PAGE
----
Prevent International Conventions creeping in as Law

Sriyan de Silva, Island, 17 October 2017, where the title is “Sri Lanka, International conventions and debasement of our legislative process”

Arising from Sanja de Silva Jayatilleka’s useful article, titled Government has Accepted the ICJ’s Jurisdiction over Sri Lanka [The Island, 18 September 2017], where she has stated that such acceptance is a consequence of the government’s ratification of the Convention on Enforced Disappearances, it is necessary to examine when/where Sri Lanka is legally bound by the International Conventions it has ratified. [Presumably she means the International Criminal Court and not the International Court of Justice].

My article first seeks to explain why Sri Lanka is yet not legally bound by the Convention on Disappearances although it in no way reflects adversely on her article. In essence, mere ratification of a Convention does not by itself create legal obligations for Sri Lanka to observe its provisions. This is of paramount importance because those who wish to give legal rights to other countries to have Sri Lankan nationals extradited in the circumstances envisaged by the Bill, may well resort to surreptitious means to have it passed in Parliament in accordance with the new strategies adopted by the government as exposed by the media and several writers. If this fails, they may well try to fundamentally change our system of law into one where ratification of Conventions would result in their automatic incorporation into our law, thus by-passing Parliament.

My second objective in the last paragraph is to suggest the need to develop a certain doctrine or principle to enable a law which has been enacted under a procedure which is inconsistent with the democratic legislative process, to be disputed before the Supreme Court even after the law has been passed. The extent of misinformation in order to mislead the public in respect of proposed laws has been highlighted by several writers in the media, and may well be a prelude to a strategy to further speed up the debasement of our legislative processes in the future through surreptitious means. [See for example, Dayan Jayatilleka Lies Right, Left and Centre and C. A. Chandraprema Unrelenting Campaign of Misinformation Regarding the Disappearances Bill in The Island, 27 September 2017].

The Bill on the subject of disappearances which was to be presented to Parliament is deeply flawed as explained by several writers. Crucially, Neville Laduwahetty in his article in The Island of July 2017, The Bill on Enforced Disappearances has clearly and succinctly explained why the Bill is contrary to the provisions of our Constitution, and highlighted those provisions which even contradict each other. The latter’s article clearly justifies the last three paragraphs of my article, because the Bill is an attempt to pass a law which in particular respects is even contrary to the Constitution and, therefore, would be unenforceable in those respects. The fact that the President stymied the debate on the Bill in Parliament does not necessarily mean the end of the matter. Attempts have been made to mislead the public by claiming that the extradition clause in the Bill on Disappearances is not a problem since it is the same as in our statute on torture, when in fact the latter is confined to extradition of non-nationals, while the Bill on Disappearance refers to extradition of Sri Lankan nationals to foreign countries. Obviously, there must be a whole body of Sri Lankans who have been identified whose extradition to foreign countries has been already planned if the Bill is passed.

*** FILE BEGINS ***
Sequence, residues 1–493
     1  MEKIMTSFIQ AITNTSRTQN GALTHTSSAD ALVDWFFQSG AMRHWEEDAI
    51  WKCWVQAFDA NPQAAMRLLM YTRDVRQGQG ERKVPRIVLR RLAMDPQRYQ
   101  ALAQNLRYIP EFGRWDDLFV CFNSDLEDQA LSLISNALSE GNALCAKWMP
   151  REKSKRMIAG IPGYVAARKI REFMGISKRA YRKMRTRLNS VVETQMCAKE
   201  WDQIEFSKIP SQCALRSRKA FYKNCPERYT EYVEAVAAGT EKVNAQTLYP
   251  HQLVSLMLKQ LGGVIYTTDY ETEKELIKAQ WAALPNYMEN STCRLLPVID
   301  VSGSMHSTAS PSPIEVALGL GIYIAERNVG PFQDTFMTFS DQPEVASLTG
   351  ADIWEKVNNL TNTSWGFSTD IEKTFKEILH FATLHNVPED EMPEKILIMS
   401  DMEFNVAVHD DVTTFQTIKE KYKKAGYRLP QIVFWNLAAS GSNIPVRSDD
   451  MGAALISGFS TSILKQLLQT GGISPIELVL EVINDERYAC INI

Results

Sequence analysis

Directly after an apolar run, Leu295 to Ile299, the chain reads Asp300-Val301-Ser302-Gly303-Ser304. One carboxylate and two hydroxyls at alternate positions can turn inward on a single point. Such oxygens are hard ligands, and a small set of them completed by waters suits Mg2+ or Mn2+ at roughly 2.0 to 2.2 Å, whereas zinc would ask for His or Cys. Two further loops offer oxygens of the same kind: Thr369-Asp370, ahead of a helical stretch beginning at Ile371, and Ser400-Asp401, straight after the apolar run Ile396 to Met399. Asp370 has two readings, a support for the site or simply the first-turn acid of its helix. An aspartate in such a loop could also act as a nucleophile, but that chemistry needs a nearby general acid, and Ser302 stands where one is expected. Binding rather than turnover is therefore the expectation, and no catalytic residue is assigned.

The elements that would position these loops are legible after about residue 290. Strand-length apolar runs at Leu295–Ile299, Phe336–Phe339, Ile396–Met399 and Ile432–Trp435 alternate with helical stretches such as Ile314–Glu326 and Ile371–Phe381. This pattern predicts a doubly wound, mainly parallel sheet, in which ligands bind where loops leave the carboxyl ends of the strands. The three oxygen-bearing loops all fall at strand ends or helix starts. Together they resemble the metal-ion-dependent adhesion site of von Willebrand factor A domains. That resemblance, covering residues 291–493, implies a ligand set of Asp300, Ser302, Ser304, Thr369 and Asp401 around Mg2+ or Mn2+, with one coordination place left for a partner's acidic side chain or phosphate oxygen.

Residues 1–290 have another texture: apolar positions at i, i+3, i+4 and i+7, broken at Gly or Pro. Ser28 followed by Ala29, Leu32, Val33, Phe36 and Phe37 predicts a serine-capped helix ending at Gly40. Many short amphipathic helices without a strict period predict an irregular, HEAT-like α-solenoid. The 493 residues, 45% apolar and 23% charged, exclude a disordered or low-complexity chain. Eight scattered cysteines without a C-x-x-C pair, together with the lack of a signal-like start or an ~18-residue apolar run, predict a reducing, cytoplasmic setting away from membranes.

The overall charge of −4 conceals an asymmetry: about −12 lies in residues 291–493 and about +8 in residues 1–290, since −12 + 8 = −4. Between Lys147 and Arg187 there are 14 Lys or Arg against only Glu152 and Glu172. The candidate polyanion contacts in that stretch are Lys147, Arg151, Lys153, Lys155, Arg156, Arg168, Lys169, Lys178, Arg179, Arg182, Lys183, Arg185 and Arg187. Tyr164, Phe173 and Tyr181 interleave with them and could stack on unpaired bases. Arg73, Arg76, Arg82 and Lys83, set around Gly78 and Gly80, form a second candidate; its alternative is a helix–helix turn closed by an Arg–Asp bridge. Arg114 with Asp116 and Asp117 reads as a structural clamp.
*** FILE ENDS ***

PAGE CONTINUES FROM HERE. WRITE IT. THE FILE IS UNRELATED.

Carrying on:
This article will deal among other things, with the point at which a Convention or Multilateral Treaty [Conventions are Treaties] becomes a part of the national law of a State that ratifies it. For this purpose, it is necessary to first be clear on what is meant by “signing” and “ratifying” a Convention. These two words mean the same thing unless a Convention specifically makes a distinction between them.

Signing or ratifying a Convention/Multilateral Treaty does not automatically make its provisions part and parcel of our national legal system [known in International Law as “municipal law”] so as to create rights and obligations for the State. To explain why this is so, it is necessary to distinguish between two concepts in International Law – the Monist and Dualist systems of law. These concepts have been the subject of considerable discussion and debate for over seventy years among eminent international jurists. Whether Sri Lanka has submitted to international laws in the form of Conventions by only ratifying them depends on whether Sri Lanka operates the Monist or Dualist system. The very fact that the government finds it necessary to get Parliament to ‘transform’ international Conventions into our law, is an admission that such transformation into our legal system is necessary through our own legislative processto make such a Convention binding on us, and, therefore, Sri Lanka operates under a Dualist, and not a Monist, system of law.